They certainly aren’t the first group of golf buddies to daydream about starting a whiskey brand. But when a couple of your scorecards have the names Peyton Manning and Andy Roddick scribbled on them, fantasy can become reality between fairway and green. Hence, the release next week of Sweetens Cove Tennessee Bourbon Whiskey, which might become the next cult bourbon to cause conniptions among connoisseur-collector types.
This origin story indeed starts on the links, specifically on an oddball nine-hole course, also dubbed Sweetens Cove, situated twenty-five rural miles west of Chattanooga. Known for its lack of pretense (the “clubhouse” is a shed) and eccentric design of uneven greens and hazards aplenty, the course has a rabid following, built primarily through word of mouth.
Avid golfer Manning, the beloved former quarterback for the University of Tennessee (he played a little pro ball, too) visited just once in 2019 before diving into an ownership group that includes friend and retired tennis pro Roddick. During that fateful round, Manning also was exposed to one of the course’s nascent traditions—before taking a shot off the first tee, players down a shot of bourbon. “It’s even a custom to pay it forward by leaving a bottle for the next group,” he tells G&G. “To me, that’s part of the place’s authentic Southern charm.”
Soon enough, such charm sparked the idea of extending the Sweetens Cove ethos to a Tennessee-centric bourbon. And while Manning and Roddick have prodigious skills, crafting fine whiskey isn’t among them. So they turned to Marianne Eaves, the celebrated first female bourbon master distiller in Kentucky since Prohibition. “Marianne is the quarterback of this bourbon team,” says Manning. “She calls the shots and we line up.”
“Frankly, I’d been approached by famous people before, but that was more about leveraging fame to sell bourbon,” says Eaves. “I could tell these guys wanted to do something special, and high quality is what I’m about.”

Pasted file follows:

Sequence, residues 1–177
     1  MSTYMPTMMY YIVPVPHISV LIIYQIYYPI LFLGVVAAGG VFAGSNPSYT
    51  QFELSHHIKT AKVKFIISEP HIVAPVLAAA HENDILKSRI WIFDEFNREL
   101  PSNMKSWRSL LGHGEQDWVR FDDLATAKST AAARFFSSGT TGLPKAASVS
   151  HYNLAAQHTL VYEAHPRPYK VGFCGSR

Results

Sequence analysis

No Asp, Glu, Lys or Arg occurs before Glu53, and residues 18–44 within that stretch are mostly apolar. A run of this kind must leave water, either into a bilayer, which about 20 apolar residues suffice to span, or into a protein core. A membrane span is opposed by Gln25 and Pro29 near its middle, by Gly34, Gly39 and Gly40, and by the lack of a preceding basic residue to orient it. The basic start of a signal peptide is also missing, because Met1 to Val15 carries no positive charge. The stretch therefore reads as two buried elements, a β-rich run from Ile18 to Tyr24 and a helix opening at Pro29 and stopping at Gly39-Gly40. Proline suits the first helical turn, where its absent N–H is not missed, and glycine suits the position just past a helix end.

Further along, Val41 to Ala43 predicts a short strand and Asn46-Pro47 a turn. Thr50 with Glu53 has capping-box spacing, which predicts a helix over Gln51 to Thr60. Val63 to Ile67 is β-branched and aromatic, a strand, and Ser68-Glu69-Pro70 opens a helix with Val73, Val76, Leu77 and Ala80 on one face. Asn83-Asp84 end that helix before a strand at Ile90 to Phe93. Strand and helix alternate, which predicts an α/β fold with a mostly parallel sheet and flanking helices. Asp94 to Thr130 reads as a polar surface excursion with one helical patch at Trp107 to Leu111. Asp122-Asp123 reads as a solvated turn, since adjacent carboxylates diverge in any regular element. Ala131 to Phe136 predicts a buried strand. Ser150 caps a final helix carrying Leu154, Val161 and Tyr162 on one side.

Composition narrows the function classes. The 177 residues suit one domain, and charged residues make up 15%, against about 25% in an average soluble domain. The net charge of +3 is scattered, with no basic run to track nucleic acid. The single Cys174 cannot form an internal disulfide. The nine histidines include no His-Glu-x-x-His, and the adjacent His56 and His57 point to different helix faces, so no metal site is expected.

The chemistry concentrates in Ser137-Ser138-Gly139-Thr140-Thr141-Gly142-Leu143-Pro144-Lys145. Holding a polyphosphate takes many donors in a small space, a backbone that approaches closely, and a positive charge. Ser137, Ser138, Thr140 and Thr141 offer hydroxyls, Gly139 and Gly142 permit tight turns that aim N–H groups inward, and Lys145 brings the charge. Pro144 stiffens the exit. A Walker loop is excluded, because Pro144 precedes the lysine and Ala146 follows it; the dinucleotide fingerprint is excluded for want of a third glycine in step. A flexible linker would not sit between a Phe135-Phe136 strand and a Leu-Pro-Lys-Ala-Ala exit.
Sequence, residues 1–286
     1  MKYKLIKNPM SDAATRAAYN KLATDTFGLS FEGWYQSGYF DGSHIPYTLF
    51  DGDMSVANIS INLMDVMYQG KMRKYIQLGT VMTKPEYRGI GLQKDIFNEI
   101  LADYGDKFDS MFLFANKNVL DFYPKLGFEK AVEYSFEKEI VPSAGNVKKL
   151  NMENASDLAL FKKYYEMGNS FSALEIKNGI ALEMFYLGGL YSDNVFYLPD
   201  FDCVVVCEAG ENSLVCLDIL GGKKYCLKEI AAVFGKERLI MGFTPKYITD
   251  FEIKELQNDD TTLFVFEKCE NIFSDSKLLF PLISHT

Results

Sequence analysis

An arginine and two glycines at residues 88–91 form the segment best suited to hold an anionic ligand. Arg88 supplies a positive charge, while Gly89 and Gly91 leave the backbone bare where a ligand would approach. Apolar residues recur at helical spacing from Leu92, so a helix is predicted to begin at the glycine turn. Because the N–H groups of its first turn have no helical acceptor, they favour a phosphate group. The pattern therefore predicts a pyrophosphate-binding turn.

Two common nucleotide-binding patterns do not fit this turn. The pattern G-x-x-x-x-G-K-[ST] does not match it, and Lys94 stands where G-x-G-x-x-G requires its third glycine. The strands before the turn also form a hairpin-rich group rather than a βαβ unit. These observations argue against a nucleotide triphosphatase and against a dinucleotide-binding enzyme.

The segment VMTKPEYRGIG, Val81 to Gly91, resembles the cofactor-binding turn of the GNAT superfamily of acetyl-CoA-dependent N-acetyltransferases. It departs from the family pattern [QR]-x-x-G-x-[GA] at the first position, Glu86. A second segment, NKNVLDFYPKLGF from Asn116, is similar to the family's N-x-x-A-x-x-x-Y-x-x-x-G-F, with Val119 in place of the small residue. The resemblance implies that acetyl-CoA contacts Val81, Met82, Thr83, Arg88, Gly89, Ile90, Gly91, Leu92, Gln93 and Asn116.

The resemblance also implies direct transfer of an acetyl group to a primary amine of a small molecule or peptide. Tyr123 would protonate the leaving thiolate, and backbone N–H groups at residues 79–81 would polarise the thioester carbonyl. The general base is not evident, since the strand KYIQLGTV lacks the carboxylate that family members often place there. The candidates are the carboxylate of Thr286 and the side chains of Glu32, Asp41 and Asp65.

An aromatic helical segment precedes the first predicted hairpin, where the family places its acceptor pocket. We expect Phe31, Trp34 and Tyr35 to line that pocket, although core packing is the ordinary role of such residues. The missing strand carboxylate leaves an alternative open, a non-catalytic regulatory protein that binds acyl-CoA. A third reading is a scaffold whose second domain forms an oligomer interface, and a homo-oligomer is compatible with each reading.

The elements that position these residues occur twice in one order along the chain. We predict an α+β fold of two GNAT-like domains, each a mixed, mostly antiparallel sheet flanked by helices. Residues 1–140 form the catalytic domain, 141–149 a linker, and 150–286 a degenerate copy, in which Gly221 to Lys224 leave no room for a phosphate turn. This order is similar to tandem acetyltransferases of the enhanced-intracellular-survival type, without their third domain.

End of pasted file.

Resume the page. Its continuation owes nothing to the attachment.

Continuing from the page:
They fortuitously discovered one hundred barrels of Tennessee-made whiskey that had been aging in a Kentucky rickhouse for thirteen years. Once this precious amber stash was returned to its “rightful homeland,” Eaves discerned pleasant differences between barrels, leading her to hand-blend five distinct batches, all bottled at cask strength. While overall notes share references to caramel and warm oak, each batch earned its own unique descriptor, ranging from citrus to burnt marshmallow to white pepper. How do imbibers identify a batch? The only label clue is variations in proof, so mainly they’ll have to employ their own noses and taste buds.
The Sweetens Cove gang hopes this treasure-hunt vibe will intrigue the bourbon community, an aura enhanced by a hyper-limited run of 14,000 bottles and a price of $200. (Online sales begin May 26, to Tennessee residents only. Online and retail sales will expand to Georgia shortly after, followed by additional states.)
And if Sweetens Cove does foster the next Pappy’s-like bourbon craze, is Manning prepared for far-flung friends and family hitting him up for a bottle? “I got used to that kind of pressure when everybody wanted NFL tickets,” he says. “I’ve been in the demand business for a while.”